Privilege escalation is a crucial phase during any security assessment. During this phase, we attempt to gain access to additional users, hosts, and resources to move closer to the assessment's overall goal. There are many ways to escalate privileges. This module aims to cover the most common methods emphasizing real-world misconfigurations and flaws that we may encounter in a client environment. The techniques covered in this module are not an exhaustive list of all possibilities and aim to avoid extreme "edge-case" tactics that may be seen in a Capture the Flag (CTF) exercise.
Medium
Path Sections 33 Sections
Reward: +20
After gaining a foothold, elevating our privileges will provide more options for persistence and may reveal information stored locally that can further our access in the environment. Enumeration is the key to privilege escalation. When you gain initial shell access to the host, it is important to gain situational awareness and uncover details relating to the OS version, patch level, any installed software, our current privileges, group memberships, and more. Windows presents an enormous attack surface and, being that most companies run Windows hosts in some way, we will more often than not find ourselves gaining access to Windows machines during our assessments. This covers common methods while emphasizing real-world misconfigurations and flaws that we may encounter during an assessment. There are many additional "edge-case" possibilities not covered in this module. We will cover both modern and legacy Windows Server and Desktop versions that may be present in a client environment.
Medium
Path Sections 13 Sections
Reward: +10
Buffer overflows are common vulnerabilities in software applications that can be exploited to achieve remote code execution (RCE) or perform a Denial-of-Service (DoS) attack. These vulnerabilities are caused by insecure coding, resulting in an attacker being able to overrun a program's buffer and overwrite adjacent memory locations, changing the program's execution path and resulting in unintended actions.
Medium
Path Sections 11 Sections
Reward: +10
This module is your first step into Windows Binary Exploitation, and it will teach you how to exploit local and remote buffer overflow vulnerabilities on Windows machines.
Easy
Path Sections 15 Sections
Reward: +20
Web application penetration testing frameworks are an essential part of any web penetration test. This module will teach you two of the best frameworks: Burp Suite and OWASP ZAP.
Easy
Path Sections 13 Sections
Reward: +10
This module covers the fundamental enumeration skills of web fuzzing and directory brute forcing using the Ffuf tool. The techniques learned in this module will help us in locating hidden pages, directories, and parameters when targeting web applications.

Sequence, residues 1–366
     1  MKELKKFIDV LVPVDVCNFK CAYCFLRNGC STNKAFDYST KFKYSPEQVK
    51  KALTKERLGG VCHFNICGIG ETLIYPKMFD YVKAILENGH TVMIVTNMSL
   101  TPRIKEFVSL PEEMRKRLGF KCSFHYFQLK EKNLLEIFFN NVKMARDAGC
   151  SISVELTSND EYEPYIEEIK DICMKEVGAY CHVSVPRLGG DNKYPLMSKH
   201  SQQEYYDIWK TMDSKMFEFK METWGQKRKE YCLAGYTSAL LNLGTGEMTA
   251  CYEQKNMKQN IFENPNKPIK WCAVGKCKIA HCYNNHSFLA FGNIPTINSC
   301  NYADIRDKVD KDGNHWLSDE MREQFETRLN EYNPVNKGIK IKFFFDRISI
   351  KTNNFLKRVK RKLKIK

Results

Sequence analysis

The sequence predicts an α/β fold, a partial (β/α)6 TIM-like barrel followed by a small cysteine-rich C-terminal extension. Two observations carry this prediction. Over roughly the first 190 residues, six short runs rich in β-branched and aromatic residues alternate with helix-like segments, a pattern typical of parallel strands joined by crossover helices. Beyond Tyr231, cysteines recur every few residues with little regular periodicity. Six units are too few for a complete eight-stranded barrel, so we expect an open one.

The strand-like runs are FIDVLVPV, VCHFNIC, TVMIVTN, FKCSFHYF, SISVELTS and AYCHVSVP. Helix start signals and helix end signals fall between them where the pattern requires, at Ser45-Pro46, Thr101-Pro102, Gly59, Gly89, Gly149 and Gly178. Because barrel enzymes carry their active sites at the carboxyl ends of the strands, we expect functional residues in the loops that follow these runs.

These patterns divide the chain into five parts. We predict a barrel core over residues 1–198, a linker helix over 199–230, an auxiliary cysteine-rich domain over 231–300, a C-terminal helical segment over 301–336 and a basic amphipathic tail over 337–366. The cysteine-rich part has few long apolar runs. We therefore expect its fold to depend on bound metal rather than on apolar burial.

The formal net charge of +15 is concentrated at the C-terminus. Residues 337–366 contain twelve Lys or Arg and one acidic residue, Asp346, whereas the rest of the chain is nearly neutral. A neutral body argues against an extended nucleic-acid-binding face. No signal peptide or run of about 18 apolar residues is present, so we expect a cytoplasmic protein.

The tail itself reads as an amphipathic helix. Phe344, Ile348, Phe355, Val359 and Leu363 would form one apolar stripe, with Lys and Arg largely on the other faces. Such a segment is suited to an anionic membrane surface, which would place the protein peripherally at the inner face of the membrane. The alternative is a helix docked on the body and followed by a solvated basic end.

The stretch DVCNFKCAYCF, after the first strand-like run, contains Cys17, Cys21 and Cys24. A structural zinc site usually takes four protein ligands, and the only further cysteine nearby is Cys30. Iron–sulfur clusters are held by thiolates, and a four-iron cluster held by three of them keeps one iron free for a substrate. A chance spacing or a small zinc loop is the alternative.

Easy
Path Sections 11 Sections
Reward: +20
Learn how to brute force logins for various types of services and create custom wordlists based on your target.
Easy
Path Sections 10 Sections
Reward: +20
Cross-Site Scripting (XSS) vulnerabilities are among the most common web application vulnerabilities. An XSS vulnerability may allow an attacker to execute arbitrary JavaScript code within the target's browser and result in complete web application compromise if chained together with other vulnerabilities. This module will teach you how to identify XSS vulnerabilities and exploit them.
Medium
Path Sections 14 Sections
Reward: +20
Maintaining and keeping track of a user's session is an integral part of web applications. It is an area that requires extensive testing to ensure it is set up robustly and securely. This module covers the most common attacks and vulnerabilities that can affect web application sessions, such as Session Hijacking, Session Fixation, Cross-Site Request Forgery, Cross-Site Scripting, and Open Redirects.
Medium
Path Sections 17 Sections
Reward: +10
Databases are an important part of web application infrastructure and SQL (Structured Query Language) to store, retrieve, and manipulate information stored in them. SQL injection is a code injection technique used to take advantage of coding vulnerabilities and inject SQL queries via an application to bypass authentication, retrieve data from the back-end database, or achieve code execution on the underlying server.
Easy
Path Sections 11 Sections
Reward: +20
The SQLMap Essentials module will teach you the basics of using SQLMap to discover various types of SQL Injection vulnerabilities, all the way to the advanced enumeration of databases to retrieve all data of interest.
Hard
Path Sections 16 Sections
Reward: +100
In this module, we cover blind SQL injection attacks and MSSQL-specific attacks.
Hard
Path Sections 12 Sections
Reward: +100
This module covers advanced SQL injection techniques with a focus on white-box testing, Java/Spring and PostgreSQL.
Medium
Path Sections 12 Sections
Reward: +100
In this module, we will look at exploiting NoSQL injection vulnerabilities, specifically MongoDB, with examples in Python, PHP, and Node.JS.
Medium
Path Sections 11 Sections
Reward: +10